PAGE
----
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The need for insults in languages

All languages have them. All societies use them. Even at the earliest age, insults form an integral part of any language’s vocabulary. All parents hate them, but all parents use them as well (sometimes, quite well).

As a person interested in multiculturalism, one of the first things people ask about, once a level of trust is established, is how to say “x” insult in your language. Most of the time, this is followed by general laughter.

Insults, curse words, bad language, swearing… If you wish to become really fluent in any particular language, off-color words are an important part of the “unspoken” rules which separate an advanced student from true fluency. Some teachers will agree to this, after much looking around and quietly closing the door.

But why? Why insults? Why do they exist? How are they legitimately used?

Insults are as old as human language, if not more. They are ways to express displeasure, vent frustration, challenge opponents, intimidate underlings, underscore approval and to generally put emphasis on otherwise mundane situations. And, it seems, they are also evolutionary tools that allowed our ancestors to better endure pain and to establish social status without resorting to potentially fatal confrontation.

Recent studies performed at the Keele University in Staffordshire, England show (https://www.wired.com/story/the-science-of-why-swearing-physically-reduces-pain/) that, when asked to put their hand in icy water for as long as they could bear, participants in the study were able to withstand the freezing feeling for as much as 3 times longer! A similar, and very funny, study was conducted by the famous Mythbusters in one of their programs (go check them out!). In evolutionary terms, being able to swear your way through a sabertooth tiger attack or a twisted ankle from chasing mammoths might have meant, literally, the difference between life and death.

So, it seems, being able to name the collective family tree of a hapless subject (this works on inanimate objects, too…) will allow you to better handle physical and psychological pain, as anyone who has ever used a nail and hammer can readily attest. But insults, like any other kind of painkiller, do have consequences, both psychological and social.

As mentioned before, insults and swear words are ways to establish the pecking order in many societies, and not just human societies. Wolves and dog packs will decide who’s boss through initial intimidation. If that doesn’t work, real battle ensues, with potentially serious results for the packs in question. Losing a fit member to internal fighting is never a sound survival strategy. Other animal species decide social order and mating rights through intimidation, and for the same reasons as stated above.

But what about humans, with our so-called highly evolved intelligence? Anyone who has ever seen, or been in, a school playground can attest to the fluency that children have with insulting language. It is a way to establish social hierarchies, command attention, and vent anger. As we grow up and develop in society, the use of insults acquire nuance, each one having a very specific connotation, not always derogatory, and usually with a very specific conduct or target in mind.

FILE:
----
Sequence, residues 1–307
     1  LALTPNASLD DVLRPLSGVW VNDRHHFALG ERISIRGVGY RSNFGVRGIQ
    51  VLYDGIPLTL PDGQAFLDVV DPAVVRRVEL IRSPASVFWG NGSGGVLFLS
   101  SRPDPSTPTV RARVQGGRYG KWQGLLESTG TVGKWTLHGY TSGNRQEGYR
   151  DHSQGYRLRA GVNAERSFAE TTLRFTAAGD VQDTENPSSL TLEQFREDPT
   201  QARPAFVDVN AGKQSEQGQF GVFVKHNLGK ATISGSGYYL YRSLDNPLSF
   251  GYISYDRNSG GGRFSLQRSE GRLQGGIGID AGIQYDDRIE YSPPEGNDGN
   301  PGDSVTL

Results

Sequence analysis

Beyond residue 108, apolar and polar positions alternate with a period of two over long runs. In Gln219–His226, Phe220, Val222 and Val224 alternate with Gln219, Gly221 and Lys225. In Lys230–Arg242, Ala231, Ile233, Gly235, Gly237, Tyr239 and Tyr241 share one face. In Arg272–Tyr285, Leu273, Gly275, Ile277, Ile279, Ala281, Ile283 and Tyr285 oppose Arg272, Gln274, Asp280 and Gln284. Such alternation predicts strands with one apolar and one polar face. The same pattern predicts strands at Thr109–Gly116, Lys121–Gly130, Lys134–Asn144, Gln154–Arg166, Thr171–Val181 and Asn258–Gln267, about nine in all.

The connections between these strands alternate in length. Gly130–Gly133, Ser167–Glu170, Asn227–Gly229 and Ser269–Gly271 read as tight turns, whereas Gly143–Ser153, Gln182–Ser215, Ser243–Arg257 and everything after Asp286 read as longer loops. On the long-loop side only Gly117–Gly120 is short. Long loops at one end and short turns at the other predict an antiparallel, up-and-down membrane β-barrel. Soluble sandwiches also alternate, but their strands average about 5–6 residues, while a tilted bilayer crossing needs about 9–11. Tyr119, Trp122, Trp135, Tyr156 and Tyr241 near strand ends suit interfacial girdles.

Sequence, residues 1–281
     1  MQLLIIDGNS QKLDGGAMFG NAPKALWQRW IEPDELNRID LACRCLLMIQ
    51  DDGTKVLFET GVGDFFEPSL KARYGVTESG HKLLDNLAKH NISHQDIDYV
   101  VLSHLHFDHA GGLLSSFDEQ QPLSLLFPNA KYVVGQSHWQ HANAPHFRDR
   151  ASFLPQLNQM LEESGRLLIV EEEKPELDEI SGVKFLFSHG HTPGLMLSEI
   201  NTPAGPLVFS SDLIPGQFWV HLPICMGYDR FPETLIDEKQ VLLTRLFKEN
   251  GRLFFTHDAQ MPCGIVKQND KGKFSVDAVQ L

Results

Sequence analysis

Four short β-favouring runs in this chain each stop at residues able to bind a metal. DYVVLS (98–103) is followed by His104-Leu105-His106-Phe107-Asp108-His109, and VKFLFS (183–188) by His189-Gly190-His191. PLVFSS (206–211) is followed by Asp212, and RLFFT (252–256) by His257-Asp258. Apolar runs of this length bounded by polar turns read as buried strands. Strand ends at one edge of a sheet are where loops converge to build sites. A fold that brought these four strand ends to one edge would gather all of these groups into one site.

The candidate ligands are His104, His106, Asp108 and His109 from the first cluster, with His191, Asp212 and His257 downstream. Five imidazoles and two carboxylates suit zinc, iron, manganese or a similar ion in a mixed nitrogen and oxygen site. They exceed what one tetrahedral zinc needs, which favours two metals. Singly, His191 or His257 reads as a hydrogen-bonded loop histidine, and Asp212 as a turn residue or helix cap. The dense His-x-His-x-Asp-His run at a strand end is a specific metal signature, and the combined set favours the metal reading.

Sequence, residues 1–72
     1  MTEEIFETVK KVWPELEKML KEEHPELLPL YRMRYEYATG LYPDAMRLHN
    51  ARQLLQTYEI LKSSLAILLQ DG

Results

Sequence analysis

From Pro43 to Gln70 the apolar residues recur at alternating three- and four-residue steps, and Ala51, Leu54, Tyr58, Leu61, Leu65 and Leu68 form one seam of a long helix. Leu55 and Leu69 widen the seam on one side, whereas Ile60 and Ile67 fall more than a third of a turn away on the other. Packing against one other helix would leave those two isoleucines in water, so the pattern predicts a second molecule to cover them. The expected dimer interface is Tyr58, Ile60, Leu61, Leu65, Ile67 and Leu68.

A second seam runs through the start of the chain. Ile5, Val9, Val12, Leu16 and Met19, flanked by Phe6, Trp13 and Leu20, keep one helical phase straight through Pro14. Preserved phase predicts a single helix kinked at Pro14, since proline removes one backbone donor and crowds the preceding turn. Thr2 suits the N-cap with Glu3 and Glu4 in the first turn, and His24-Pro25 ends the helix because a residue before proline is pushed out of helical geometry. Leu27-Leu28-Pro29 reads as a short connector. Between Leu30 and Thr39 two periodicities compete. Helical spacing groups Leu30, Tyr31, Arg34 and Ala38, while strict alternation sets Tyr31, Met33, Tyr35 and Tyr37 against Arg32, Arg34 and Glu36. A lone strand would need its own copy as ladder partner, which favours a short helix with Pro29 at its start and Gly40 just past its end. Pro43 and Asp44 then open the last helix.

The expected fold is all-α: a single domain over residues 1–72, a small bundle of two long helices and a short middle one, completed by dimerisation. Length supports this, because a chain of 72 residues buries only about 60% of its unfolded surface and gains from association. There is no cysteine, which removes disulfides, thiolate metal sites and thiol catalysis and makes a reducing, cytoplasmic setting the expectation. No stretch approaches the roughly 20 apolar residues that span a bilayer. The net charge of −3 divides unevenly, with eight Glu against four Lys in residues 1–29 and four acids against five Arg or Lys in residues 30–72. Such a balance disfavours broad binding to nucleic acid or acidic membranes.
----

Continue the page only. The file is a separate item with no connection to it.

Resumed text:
It is no coincidence, thus, that one of the English words for “insult” is “curse”; that is, to wish evil upon someone else. Physical, psychological and spiritual. And here is where it gets dark and dicy. It seems that philosophers, all the way back to antiquity (https://ideas.time.com/2013/03/08/why-insults-hurt-and-why-they-shouldnt/) have been pondering the use and the endurance of insults. Our brains are wired to feel empowered by victory, and to be depressed by defeat. Social standing, personal pride and your own good name and reputation have always been precious commodities, and even more so in the digital age, where your only real online bona fide is your reputation. Not so very long ago, insults and slander were legally resolved by duels to the death.

In our current society, this is forbidden, but it still happens behind closed curtains. Vengeance, grudges, intrigues of all sorts… But in less aggressive environments, such as offices, family homes and schools, insults still leave their scars. All sorts of psychological maladies, conditions and traumas can be unleashed by seemingly pedestrian swearing. But if repeated often enough, people will start to believe them, and a change of conduct might ensue, with unpredictable results. Just try and remember how often school shootings, disgruntled employee reactions and conyugal brawls still happen.

To wrap things up, insults are an integral part of society and of any language, but like any other weapon, if you intend to use them, be prepared to receive as well as to dish out, and to face the consequences of your actions, legal and otherwise.

So please always remember to respect your fellow humans. You never know when, and in what circumstances, you will meet again.

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